72°F
weather icon Clear

Hungry to help: Annual Rock, Roll & Stroll raises funds for Meals on Wheels

An afternoon of rocking and rolling to some lively entertainment will help provide hundreds of meals to local senior citizens.

The third annual Rock, Roll & Stroll, which raises funds for the Senior Center of Boulder City and its Meals on Wheels program, will be held from 11 a.m. to 2 p.m. Saturday, March 10, in Bicentennial Park, 999 Colorado St.

Susan Johnson, president of the senior center’s board of directors, said the fundraiser is vital to keep the meal delivery program and facility itself operational. The state ranked 50th nationwide in 2014 in per meal funding for home-delivered meals, she noted.

Former board member and longtime volunteer May Kahl said many seniors rely on the center for meals and companionship. She said some local women have told her they only receive $600 a month in income.

So she rocks in a rocking chair for them, gathering pledges to help the senior center.

They, along with other board members and volunteers have been working steadily since October, getting sponsors, pledges and raising awareness of the event. Both Johnson and Kahl said they have been overwhelmed by generosity of the community for the fundraiser.

Yet, they want a little more. They would like to see more people come out to the actual event to rock in a rocking chair, roll in a wheelchair or stroll around the park.

“We need you to be there,” Johnson said.

This year, they have added a kids zone to make the fundraiser more family friendly. There also will be entertainment, and food including “Mike Pacini burgers,” fresh baked goods, coffee and hot chocolate.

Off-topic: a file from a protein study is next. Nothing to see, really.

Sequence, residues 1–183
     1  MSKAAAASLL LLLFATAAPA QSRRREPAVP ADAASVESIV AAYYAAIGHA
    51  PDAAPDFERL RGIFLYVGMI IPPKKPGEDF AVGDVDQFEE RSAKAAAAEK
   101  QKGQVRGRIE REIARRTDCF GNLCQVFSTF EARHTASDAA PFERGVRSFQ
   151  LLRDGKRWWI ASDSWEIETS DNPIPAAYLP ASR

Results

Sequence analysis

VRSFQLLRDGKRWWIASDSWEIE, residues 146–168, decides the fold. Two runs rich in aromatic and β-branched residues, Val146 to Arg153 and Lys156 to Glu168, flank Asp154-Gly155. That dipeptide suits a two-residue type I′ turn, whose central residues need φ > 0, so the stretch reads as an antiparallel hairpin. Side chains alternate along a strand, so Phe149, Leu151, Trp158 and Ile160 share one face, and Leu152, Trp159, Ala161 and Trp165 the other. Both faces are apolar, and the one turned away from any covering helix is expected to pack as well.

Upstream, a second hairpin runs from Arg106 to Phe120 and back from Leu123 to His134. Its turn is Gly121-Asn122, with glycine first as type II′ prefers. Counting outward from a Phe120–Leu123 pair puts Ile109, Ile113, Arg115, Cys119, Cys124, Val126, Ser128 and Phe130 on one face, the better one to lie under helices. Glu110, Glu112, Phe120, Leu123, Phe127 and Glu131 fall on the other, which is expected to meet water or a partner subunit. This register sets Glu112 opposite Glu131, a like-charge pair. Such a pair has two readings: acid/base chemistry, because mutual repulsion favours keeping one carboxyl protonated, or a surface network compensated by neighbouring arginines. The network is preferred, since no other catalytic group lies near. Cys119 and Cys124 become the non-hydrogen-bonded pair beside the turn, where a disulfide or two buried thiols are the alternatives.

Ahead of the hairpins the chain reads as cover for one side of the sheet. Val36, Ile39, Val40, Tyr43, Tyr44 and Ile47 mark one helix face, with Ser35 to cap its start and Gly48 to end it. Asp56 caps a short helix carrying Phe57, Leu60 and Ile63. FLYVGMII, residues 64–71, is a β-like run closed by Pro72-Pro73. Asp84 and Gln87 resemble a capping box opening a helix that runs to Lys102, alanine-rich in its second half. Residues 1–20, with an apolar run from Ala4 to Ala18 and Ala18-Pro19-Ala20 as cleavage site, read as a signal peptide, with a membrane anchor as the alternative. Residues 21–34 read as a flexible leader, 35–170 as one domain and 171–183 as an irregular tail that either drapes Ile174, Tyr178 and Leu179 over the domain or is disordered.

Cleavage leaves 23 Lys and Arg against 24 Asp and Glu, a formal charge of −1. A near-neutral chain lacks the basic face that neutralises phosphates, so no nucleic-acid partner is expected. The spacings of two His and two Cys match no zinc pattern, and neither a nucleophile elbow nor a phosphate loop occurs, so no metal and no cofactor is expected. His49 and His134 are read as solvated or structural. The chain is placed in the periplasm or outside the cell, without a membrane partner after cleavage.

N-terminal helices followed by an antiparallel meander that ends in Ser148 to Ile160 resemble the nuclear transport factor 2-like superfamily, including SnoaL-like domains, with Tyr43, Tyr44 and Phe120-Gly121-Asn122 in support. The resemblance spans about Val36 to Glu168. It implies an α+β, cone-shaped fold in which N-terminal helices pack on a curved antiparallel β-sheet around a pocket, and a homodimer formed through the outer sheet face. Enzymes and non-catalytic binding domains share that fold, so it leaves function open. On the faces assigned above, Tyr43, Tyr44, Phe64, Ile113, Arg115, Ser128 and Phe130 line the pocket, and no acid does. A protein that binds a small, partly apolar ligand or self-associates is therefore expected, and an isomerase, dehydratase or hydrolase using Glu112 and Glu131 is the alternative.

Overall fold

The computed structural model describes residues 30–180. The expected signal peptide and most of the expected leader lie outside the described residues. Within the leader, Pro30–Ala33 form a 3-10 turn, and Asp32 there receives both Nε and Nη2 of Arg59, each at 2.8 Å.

The Interfaith Peace Choir, directed by Boulder City resident Francyl Gawryn, will open the celebration with its rendition of “The Star-Spangled Banner,” as well as performing three songs of peace and goodwill at 1 p.m.

“Plus there will be rocking, rolling and strolling, or course,” Johnson said.

Last year’s event raised $22,875, which allowed the center to provide an additional 3,813 meals, Johnson said.

Currently, the Meals on Wheels program delivers between 55 and 60 meals per day, in addition to the approximately 80 served at the center itself.

From September 2016 to September 2017, the center provided 15,438 meals to homebound seniors. Johnson said each meal costs $10 to prepare, $6 for the food alone.

“We received grant money of $38,043 and donations (a $2 donation is recommended) of $17,009. Our total expenses to provide homebound meals is $90,657. We have a deficit of $35,604,” she said.

Covering that cost is why the annual fundraiser is so essential for the program, she said, adding they are fortunate because all of their delivery drivers are volunteers.

“We are one of only a few senior centers around with volunteer drivers,” Johnson added.

A fifth delivery route was recently added to the Boulder City program ensuring no senior had to be put on a waiting list.